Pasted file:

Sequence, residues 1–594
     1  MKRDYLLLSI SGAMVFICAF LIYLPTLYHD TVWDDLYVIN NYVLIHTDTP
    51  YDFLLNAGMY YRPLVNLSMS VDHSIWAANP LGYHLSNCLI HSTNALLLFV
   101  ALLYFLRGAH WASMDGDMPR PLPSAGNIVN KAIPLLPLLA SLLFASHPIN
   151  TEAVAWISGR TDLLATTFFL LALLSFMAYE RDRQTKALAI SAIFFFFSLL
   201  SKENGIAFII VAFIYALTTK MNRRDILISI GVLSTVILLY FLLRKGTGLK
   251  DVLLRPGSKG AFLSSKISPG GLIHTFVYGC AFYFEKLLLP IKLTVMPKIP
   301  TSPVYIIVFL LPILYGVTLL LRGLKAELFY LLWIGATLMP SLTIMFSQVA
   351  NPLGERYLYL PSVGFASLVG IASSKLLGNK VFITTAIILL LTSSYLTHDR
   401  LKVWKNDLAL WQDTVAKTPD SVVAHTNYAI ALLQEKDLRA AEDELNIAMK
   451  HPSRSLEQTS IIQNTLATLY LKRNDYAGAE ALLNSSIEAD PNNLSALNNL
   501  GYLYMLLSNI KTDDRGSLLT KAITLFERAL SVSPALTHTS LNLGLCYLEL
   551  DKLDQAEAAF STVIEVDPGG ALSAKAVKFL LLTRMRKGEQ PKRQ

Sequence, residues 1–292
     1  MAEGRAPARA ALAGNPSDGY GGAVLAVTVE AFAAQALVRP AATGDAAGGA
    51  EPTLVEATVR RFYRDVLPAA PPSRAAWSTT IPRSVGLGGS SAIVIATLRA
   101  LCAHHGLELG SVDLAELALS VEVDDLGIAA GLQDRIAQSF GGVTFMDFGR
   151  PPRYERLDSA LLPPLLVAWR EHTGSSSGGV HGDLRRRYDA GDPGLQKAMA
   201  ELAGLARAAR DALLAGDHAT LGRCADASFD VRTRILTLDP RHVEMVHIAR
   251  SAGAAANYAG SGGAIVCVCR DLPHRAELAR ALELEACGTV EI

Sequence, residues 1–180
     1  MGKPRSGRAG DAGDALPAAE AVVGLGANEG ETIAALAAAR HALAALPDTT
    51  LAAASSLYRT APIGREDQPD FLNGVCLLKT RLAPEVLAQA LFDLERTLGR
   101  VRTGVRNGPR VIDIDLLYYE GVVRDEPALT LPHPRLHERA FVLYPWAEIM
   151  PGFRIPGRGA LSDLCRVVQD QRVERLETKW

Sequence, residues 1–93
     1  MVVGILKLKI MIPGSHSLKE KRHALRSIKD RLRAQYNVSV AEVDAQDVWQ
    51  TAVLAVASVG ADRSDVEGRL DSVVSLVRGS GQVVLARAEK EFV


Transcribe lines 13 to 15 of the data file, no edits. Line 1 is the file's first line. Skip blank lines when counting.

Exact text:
   551  DKLDQAEAAF STVIEVDPGG ALSAKAVKFL LLTRMRKGEQ PKRQ

Sequence, residues 1–292
     1  MAEGRAPARA ALAGNPSDGY GGAVLAVTVE AFAAQALVRP AATGDAAGGA